British rock has dwelt under the long shadow of the Beatles for 40 years, and has thus had to struggle all that time with the unconscious reality that the key mass idiom of the faded imperial culture was basically filched from the racial underclass of their rebellious former colony. British musicians have dealt with this burden in many different ways, but none quite as curiously as Gomez. Perhaps as a multiple-songwriter outfit from the Merseyside steeped in classic American blues, jazz, soul and R&B, Gomez were particularly equipped to tread where Britrock’s giants had already been. Many of their contemporary peers have a better claim to the Beatles’ mantle as world-changing rock stars, and many more replicate the Fab sound with greater alacrity. But as is evident from their 1998 Mercury Prize-winning debut Bring It On, which has received a handsome 10th anniversary reissue from Caroline Records, Gomez are the Beatles’ spiritual heirs, in many ways.
Gomez, like the Beatles, hijack the warm russet tones of Americana, but adapt these elements to a British perspective. This influence has no more direct iteration than in the crackling, powerfully bluesy voice of Ben Ottewell on Bring It On‘s opening exercise, “Get Miles”. The groove beneath his vocal is practically a trench, balancing technological modernity with rustic repetition in a manner that has come to define the Gomez aesthetic. But Ottewell’s soulful growl blasts a hole through the dense tapestry like a shotgun shell: “I love this planet, man / but this planet is killing me”. It’s equal parts Delta porch wail and steelworker’s union choir tenor, and it’s constantly, instantly striking. But Ottewell can go lovely as easily as he can go punchy, crooning over folksy plinking guitar and chamber-quartet fills in the midst of the minimalist “Make No Sound”.
Bring It On: 10th Anniversary Collector's Edition
US: 14 Oct 2008
UK: 25 Aug 2008
But, like the Beatles, one songwriter finds a foil in another. Ian Ball’s gentler whine is the emotive McCartney to Ottewell’s bullish Lennon. Though Ball’s compositions tend towards the poppy, they’re rarely merely twee. His singles from Bring It On demonstrate this amply. “Whippin’ Piccadilly” is youthful and brisk and thoroughly British (“there’s not enough hours in a day”), all wavering vocals and jaunty rhythmic strums at first but then breaking down into cascading electronics. Ottewell leaps in for a bit of offbeat harmonizing worthy of the Band: “it all falls down”, he booms out, and he makes sure that you believe that it does. Elsewhere, the groovy “Get Myself Arrested” shares “Piccadilly”‘s themes of winking juvenile delinquency and its fiendish catchiness, but sways with a finely-tuned sing-along chorus of maximum wit: “got some friends in my BMW / trying to get themselves arrested”. It’s got all the attitude of a teddy boy, but elects to use it to send up snide rebels instead of being one of them.
It’s not quite right to call Tom Gray the George Harrison of the outfit, as his songwriting role in Gomez eclipses that of Harrison in the Beatles and diverges stylistically from it as well. More of a McCartney in the live setting, mugging for the crowd and exhorting them to action while the others mostly close their eyes and sing, it’s unquestionable that Gray is a junior songwriting partner on record. Witness his contributions to their hailed debut: “Love Is Better Than a Warm Trombone” (a title that is much superior to the tune) and “Bubble Gum Years” (a goofy title for well-crafted but clumsy bit of harmony practice).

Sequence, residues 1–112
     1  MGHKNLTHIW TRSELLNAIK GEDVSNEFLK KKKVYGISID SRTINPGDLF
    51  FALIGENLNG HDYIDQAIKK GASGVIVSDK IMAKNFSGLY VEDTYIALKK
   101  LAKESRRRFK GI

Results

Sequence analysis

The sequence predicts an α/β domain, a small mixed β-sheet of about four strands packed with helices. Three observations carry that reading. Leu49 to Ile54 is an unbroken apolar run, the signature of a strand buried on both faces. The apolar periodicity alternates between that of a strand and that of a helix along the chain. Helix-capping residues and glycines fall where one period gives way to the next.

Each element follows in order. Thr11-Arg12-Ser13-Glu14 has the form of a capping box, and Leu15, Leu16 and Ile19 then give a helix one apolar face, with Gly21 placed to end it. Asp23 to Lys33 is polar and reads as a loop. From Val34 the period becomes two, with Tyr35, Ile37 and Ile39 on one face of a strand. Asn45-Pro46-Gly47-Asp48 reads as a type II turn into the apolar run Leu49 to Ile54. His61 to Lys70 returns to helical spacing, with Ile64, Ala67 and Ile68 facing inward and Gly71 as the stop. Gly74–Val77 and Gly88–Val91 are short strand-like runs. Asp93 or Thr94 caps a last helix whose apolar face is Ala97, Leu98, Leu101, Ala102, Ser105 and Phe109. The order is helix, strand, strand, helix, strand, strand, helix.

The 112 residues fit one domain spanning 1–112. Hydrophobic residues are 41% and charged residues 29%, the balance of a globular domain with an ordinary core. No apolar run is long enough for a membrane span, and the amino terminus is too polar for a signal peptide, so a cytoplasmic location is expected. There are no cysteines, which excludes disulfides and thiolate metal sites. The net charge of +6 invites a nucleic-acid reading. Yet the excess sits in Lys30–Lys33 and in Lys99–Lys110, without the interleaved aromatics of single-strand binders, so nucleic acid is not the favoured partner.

Though neither Gray’s input nor the innovative rhythms lain down by jazzy drummer Olly Peacock and bassist Paul Blackburn can be underestimated, Gomez’s finest moments come courtesy of Ottewell and Ball. As befits a vocalist of his rare, primal force, Ottewell has a tendency to dominate. His “Free To Run” is an anthem sung mercilessly to pieces, that rich Southport growl transcending the middling tempo. “Tijuana Lady” is almost postmodern in its direct deployment of ludicrous Mexican stereotypes, but Ottewell’s impassioned performance turns it into something burnished, lived-in, mournful, and moving.
Nonetheless, when he shares vocal duties, Ottewell cannily modulates his gifts to blend with those of his fellows. Bring It On‘s thesis statement may well be “78 Stone Wobble”, a febrile two-step featuring all three vocalists, a seemingly omnipresent breakdown, and a popping vinyl sample about retro movie stars. “Here Comes the Breeze” is a creative cruiser, seamlessly switching tempo and tone as Ottewell and Ball harmonize on one indelible melodic line after another. Even when the latent jam-band tendencies explode into rambling excess with the nine-minute “Rie’s Wagon”, regular pit stops are made at a familiar chorus to keep the drive from appearing endless.
As any seasoned Gomez follower knows, of course, it’s tough to get a read on the band unless one considers the reams of B-sides, live rarities, and radio sessions they have produced. Fortunately, the Caroline reissue includes a whole disc of them, including acoustic takes on “Whippin’ Piccadilly” and “Rie’s Wagon”, an alternative thesis statement called “78 Stone Shuffle”, some covers (the Temptations’ “The Way You Do the Things You Do” and blues standard “Stag O’ Lee”), and plenty of session tracks of varying quality (one of which, “Brother Lead”, would later morph into the bridge for the title track from their latest release, How We Operate). A fuller picture of the band is provided, but then the album they accompany was already fairly full, almost to bursting. The collaboration of distinct talents, the expansive sonic palette, and the solid melodic backbone make Bring It On a rich and essential example of the best that millennial British rock had to offer.